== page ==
Julian Assange has more to think about over his breakfast cereal than you or I do: The infamous WikiLeaks founder has found himself in a spot of legal bother in Sweden, accused of rape and molestation. First he was arrestable, then some of the charges were dropped. Now the original prosecutor is chasing him again, but authorities have just officially noted there's no arrest warrant. Is it the unintelligent doings of the U.S. intelligence services? Quite a thing to ponder over a cuppa joe and some Cap'n'Crunch isn't it? Now to the rest of the news:
1. Rumors are swirling that Amazon is bidding to buy Lovefilm.com. This would mean a proper marriage between the world's biggest online retailer and one of the big names in online movie rentals--Amazon already has a big minority stake in the company. We know Amazon loves content, be it in books, e-books, or video, so this makes good sense. What has us pondering though is why Amazon is doing this now. The answer would seem to be the playground scourge of peer pressure. Google's Music service is reportedly inbound, and Apple's new TV product is likely to set the home digital TV market a-jiggle. Hence Amazon is concreting its stance, ready to pull off tricks like pricing changes so it can keep relevant.
2. Oops! (or possibly, Hurrah!) The RIAA's website has been crunched offline by the collective efforts of 4Chaners around the world, in a people-powered distributed denial of service attack. Why? Because RIAA is evil, according to the denizens of the world's most notorious bulletin board--it's suing too many people, and aggressively pushing an anti-piracy agenda in order to preserve the status quo rather than innovating its business model. "Operation Payback" also took down the MPAA over the weekend, accused of more or less the same crimes against the internet. Welcome to the era of digital political protesting.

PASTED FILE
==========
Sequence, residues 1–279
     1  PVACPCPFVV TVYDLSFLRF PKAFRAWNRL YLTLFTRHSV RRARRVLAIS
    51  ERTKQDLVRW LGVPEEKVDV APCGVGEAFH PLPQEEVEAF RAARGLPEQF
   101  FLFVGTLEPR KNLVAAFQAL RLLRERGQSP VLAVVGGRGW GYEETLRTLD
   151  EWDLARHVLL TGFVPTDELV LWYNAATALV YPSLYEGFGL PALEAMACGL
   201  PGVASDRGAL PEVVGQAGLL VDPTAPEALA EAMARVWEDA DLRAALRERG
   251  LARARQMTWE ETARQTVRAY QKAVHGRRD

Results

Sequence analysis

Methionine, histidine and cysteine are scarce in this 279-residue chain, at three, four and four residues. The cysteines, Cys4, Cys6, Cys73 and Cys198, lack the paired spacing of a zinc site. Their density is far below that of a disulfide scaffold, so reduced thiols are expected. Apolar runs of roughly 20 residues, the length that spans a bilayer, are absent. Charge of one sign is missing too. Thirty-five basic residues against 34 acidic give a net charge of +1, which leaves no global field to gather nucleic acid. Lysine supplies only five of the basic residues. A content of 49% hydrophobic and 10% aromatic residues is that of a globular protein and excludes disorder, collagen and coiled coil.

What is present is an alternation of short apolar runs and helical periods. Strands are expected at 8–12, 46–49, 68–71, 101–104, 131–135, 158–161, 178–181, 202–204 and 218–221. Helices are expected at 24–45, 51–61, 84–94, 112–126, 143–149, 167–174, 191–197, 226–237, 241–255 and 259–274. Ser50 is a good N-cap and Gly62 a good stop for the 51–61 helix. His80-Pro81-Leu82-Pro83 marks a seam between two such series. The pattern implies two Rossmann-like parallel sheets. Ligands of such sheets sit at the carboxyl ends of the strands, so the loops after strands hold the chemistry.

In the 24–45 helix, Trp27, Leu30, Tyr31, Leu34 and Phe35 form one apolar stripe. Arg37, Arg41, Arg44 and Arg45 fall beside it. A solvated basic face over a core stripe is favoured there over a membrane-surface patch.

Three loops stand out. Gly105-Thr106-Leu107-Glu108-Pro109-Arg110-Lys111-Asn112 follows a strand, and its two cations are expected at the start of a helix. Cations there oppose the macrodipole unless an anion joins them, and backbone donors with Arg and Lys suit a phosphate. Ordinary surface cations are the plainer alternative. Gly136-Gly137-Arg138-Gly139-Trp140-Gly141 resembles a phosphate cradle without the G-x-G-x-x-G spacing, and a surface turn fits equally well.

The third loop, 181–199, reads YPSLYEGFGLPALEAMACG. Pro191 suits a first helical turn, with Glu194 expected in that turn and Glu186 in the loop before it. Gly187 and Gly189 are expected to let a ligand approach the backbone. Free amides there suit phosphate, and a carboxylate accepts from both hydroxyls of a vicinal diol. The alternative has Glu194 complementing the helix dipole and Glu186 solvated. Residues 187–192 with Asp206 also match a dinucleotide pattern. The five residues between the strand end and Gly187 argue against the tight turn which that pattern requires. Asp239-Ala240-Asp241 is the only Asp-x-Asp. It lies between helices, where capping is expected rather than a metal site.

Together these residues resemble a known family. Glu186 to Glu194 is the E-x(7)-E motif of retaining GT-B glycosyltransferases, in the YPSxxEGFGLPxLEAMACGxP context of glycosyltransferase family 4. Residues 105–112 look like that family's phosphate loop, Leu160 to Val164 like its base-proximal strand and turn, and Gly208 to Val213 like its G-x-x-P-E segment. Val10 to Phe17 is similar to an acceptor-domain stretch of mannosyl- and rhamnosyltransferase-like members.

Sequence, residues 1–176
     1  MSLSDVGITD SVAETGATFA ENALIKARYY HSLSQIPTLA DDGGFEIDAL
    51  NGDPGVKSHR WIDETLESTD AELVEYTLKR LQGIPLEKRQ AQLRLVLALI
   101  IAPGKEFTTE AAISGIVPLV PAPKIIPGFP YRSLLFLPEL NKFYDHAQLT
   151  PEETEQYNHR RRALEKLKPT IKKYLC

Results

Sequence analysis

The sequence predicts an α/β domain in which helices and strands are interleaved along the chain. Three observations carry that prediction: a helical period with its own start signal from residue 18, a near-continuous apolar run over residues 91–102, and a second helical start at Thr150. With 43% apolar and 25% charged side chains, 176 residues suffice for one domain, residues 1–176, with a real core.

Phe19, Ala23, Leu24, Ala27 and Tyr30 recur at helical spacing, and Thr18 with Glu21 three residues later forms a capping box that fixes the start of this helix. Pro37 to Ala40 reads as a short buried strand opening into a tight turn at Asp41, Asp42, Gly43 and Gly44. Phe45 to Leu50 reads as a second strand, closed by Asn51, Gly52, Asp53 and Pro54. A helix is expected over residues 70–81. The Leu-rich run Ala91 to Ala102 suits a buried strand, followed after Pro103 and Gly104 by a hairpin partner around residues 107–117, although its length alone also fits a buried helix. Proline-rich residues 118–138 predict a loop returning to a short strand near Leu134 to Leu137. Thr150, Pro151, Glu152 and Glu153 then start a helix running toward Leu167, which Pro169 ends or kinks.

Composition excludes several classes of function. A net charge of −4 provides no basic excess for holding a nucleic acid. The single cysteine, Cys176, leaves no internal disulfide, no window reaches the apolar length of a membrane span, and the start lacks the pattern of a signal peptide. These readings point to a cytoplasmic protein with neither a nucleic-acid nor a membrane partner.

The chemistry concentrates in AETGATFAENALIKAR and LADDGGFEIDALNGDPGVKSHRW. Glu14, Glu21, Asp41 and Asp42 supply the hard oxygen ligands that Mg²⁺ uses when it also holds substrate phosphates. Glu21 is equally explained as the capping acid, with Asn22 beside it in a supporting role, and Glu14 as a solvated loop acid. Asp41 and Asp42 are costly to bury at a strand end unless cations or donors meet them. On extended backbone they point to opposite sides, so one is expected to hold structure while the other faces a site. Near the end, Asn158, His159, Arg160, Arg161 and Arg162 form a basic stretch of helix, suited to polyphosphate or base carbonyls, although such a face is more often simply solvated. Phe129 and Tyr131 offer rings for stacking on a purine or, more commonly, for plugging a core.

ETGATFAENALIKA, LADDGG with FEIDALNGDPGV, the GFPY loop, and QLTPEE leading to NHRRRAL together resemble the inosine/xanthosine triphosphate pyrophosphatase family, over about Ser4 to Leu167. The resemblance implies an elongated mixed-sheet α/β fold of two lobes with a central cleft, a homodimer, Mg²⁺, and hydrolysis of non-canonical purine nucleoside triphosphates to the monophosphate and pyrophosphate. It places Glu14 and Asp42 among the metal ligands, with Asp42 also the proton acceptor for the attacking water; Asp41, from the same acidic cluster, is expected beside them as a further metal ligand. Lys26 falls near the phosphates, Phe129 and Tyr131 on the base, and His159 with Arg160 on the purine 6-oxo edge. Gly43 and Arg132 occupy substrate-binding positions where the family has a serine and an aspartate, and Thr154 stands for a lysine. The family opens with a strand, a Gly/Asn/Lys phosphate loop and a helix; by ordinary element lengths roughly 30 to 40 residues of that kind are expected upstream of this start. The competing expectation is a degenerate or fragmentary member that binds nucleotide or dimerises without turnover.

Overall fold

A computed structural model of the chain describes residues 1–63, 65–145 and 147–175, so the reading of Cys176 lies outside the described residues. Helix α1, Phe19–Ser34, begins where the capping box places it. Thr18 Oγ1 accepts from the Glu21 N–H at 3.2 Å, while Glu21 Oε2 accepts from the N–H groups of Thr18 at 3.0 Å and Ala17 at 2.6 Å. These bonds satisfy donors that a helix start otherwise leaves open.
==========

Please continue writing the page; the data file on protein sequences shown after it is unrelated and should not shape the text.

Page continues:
3. There's a hole in my Linux, dear Liza, dear Liza ... Or so it seems a fitting refrain might go: A big vulnerability has been discovered in 64-bit versions of the open-source OS that could let malicious hackers "escalate" privileges. To the uninitiated this means an ordinary user could get root access, either for hackery or so that a virus could run amok. The hole is in the 32-bit compatibility mode, and it seems it's a new slip-up with an older patch to cover a similar security hole. It'll be patched soonish, but get your sysadmin to keep a watchful eye on your machines today.
4. Google, sensitive to topical worries about cloud-based app and data security has just increased the safety systems around its Google Apps--handy if you're one of the businesses who relies on Google's tools to help your enterprise tick. Instead of a simple, forgettable, hackable password there's now two-step verification: You use a password and then a passcode that's sent to your mobile phone. It's simple, clever, and it'll definitely work. Better yet this is just Google's way of testing the system before rolling it out to individual users "in the coming months." it's big news guys. The fact that it'll hand Google a de facto database of millions of cell phone numbers, to use as they wish, is mere coincidence.
5. Napster's app is now available on iTunes. There's not much more to say about this other than "Great!" if you're a Napster user, and "Hah! Oh the irony!" if you're a follower of digital media trends and love the fact that the system that first started the digital music upending of the recording industry's business model is now available on the flagship smartphone of the company (Apple) that completed Napster's work.
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